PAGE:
3. GardenWeasel

    GardenWeasel Well-Known Member

    Never for mine - 'course now I've said that it'll probably happen during tomorrow's commute!
  4. msantos

    msantos Eco Accelerometrist

    Hi Jess;

    1- Yes it does (as any charge/discharge cycle would) . But, is it significant given the instrumented range that the BCM monitors? No. Have a look at the following picture to get an idea of what the instrumented range is.


    Now, as the battery ages its capacity also diminishes (as it should) and the BCM is very watchful of this. On a future cycle (Cycle N) the discharge curve is visibly more abrupt than the one on Cycle 1 and this is a fundamental aspect of a NiMH battery pack life cycle. Please note that the detection of the "potentially low" SoC occurs within a very small margin and if you factor in the accumulated instrumented error, the BCM is clearly acting on the safe side of things by being conservative and triggering it a bit earlier than needed.
    As we notice the SoC crash is sometimes short lived because the charge process really is not doing much at all as all it wants is to find the upper limit of the instrumented SoC which typically occurs at 7-8 bars. ;)
    To make matters even more interesting, the 7-8 bar upper limit also occurs at different voltages depending on the ambient temp. The chart shown above is only applicable to an ambient temp of 21C.

    2- Again, it depends on the ambient temps and also the pack temps, and sadly under some conditions not all of the regen is used in the charge process. As you know charging generates heat and the BCM walks a fine line while in the charging process especially when the pack is already hot. That is why we always recommend we keep our regen braking to the lowest number of bars in order to avoid inefficiencies due to discarded energy that never makes it into the pack.

    Glad to hear you are getting good numbers. I've been having to much fun with my 06 and in this type of weather each commute is graced with 70+ MPG without much effort either. Yes, these SoC crashes do take a toll on a commute or two but it is hardly enough to spoil the tank and quite frankly, when it happens I actually give it a little hand by helping to keep the regen low. On this note the episodes are short lived and relatively benign ;)


    Last edited: Aug 7, 2009
  5. Jess

    Jess Well-Known Member

    Hi MSantos,

    Sorry for the delay. I had to read and reread to better understand what the table was showing and what you were explaining about it. I think I got it now. Very cool.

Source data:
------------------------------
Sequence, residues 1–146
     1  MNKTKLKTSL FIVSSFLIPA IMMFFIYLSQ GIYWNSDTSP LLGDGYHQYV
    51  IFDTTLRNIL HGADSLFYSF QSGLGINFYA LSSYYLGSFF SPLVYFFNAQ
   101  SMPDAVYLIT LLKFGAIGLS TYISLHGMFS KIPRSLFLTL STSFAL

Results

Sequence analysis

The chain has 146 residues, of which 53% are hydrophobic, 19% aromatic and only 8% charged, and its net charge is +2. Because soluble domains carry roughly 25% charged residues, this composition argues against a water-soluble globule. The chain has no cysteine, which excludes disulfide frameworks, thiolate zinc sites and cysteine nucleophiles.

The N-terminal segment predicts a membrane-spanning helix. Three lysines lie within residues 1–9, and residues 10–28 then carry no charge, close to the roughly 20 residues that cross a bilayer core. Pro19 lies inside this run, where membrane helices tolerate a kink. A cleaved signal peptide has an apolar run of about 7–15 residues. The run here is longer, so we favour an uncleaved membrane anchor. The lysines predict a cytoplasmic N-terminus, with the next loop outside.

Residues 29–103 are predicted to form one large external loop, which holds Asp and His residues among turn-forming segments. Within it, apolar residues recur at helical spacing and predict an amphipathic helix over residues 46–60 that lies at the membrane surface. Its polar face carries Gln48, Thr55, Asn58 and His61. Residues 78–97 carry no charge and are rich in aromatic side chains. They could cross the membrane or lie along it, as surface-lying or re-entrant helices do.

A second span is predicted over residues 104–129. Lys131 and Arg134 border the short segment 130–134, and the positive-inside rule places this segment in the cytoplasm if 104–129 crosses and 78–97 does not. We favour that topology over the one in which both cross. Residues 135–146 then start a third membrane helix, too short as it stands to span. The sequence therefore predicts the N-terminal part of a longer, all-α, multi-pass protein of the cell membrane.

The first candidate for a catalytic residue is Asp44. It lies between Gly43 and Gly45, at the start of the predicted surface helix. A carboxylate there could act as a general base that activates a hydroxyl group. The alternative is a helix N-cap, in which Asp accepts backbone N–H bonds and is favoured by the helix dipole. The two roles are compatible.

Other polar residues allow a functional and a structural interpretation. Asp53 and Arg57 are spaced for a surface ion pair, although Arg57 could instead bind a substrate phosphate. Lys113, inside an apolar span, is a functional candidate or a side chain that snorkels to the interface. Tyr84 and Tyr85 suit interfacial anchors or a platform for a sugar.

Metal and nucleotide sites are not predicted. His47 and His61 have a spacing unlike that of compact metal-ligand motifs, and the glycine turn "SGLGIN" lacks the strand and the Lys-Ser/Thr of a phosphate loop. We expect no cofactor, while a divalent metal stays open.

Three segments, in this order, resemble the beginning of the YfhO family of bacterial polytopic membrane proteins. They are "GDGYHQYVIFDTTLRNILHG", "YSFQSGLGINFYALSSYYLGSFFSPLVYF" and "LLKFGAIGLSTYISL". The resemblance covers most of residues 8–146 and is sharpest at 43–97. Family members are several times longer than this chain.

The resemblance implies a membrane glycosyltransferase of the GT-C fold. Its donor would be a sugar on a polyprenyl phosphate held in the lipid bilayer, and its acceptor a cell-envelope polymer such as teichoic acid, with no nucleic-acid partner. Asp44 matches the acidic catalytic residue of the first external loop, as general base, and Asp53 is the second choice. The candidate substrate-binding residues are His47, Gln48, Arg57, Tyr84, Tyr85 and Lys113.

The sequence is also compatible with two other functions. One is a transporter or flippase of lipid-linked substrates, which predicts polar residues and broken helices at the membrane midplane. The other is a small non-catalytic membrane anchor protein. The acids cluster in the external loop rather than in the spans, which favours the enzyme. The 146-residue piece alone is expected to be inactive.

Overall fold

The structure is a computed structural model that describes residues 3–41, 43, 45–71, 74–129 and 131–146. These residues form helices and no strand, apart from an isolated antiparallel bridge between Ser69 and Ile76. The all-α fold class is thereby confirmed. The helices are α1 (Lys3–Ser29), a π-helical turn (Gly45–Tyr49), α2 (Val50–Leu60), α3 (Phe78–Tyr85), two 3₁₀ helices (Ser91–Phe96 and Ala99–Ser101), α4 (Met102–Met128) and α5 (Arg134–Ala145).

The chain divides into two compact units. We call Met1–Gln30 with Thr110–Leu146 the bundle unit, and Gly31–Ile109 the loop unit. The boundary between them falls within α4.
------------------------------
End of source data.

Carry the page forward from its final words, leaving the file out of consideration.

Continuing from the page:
The past 2 days I have had no re-cal. What I've done differently is to change the initial part of my route. Now, when I first leave, I drive a route that has a flatter elevation before I get to what was my second incline on my previous route. I'm wondering if driving this route allows the system more time to warm up and better monitor where the SoC is at.

    My previous route had me initially go down a hill and then climb 2 inclines thereafter. I'm thinking the BCM wasn't fully warmed up and, by the time it was, (I had already been using 2-3 bars of assist to climb those 2 inclines, nearly one after the other), it was better off re-calibrating and starting over at 8 bars than to try and figure where the SoC was at.

    Thank you so much for the insight. I truly appreciate it. I think I have a much better idea of what is going on now.

    btw: Have you taken yours in for the new update? I've yet to myself. I'm really not sure if I want to though. What do you think?
    Last edited: Aug 8, 2009
  6. Kacey Green

    Kacey Green Well-Known Member

    I appreciate and respect the ReCal, however, the car doesn't need to do one if I'm not moving and if I stop moving, cancel the recal until I start again and when you cancel, GIVE ME BACK MY AUTO STOP!

    Today (about 5 min before I started this post) the car goes into a recal at about 89F according to the display and after about a min at the light it stops the recal and idles :eek: when I start moving again, I'm still force charging all the way occasionally I get 1 assist bar.

    When I get to the next light the car is still doing the recal.

    By the time I get to the rim of the bowl I live in, the car is at 7 bars and will reliably give either 1 bar or glide with 1 bar of regen, if I pushed harder it would continue a normal force charge, so I EVed it to the crest of the bowl and of course we're at 8 bars promptly, I have to take the car down to 6 bars to take this hill normally, and if I FAS it I get going way too fast with kids playing and all, and would have to restart to climb my street and driveway.

    I think the car may have been punishing me for a short trip, which had been good up to that point 65ish MPG. The trip would have been too long and unsafe by bike, the place I went is dangerous in a car at rush hour (4-9:15 on a Friday) and the sun was setting fast. That and I don't own a bike anymore (it never made the trip up from FL)
  7. msantos

    msantos Eco Accelerometrist

    I received the update already in mid June during the an oil change visit.

    As before, I get these updates a little earlier than most folks but what surprised me is that this particular update was also later accompanied by a TSB. While we've had a couple that followed the approach, there are many others that do not and are in reality silent updates. Interesting.


  8. msantos

    msantos Eco Accelerometrist

    Hi Kacey.

    I know what you mean. However, one way I have to defuse that type of behavior is to execute a FAS. As long as the SoC remains at 5 or less bars, the car will remember the forced charge routine and resume after the power-up. ;)
  9. Kacey Green

    Kacey Green Well-Known Member

    So I would have been fine during both events. But if I do it at 6 I may cause the system to do it again at an inopportune time because it wasn't necessarily a true 6 bars?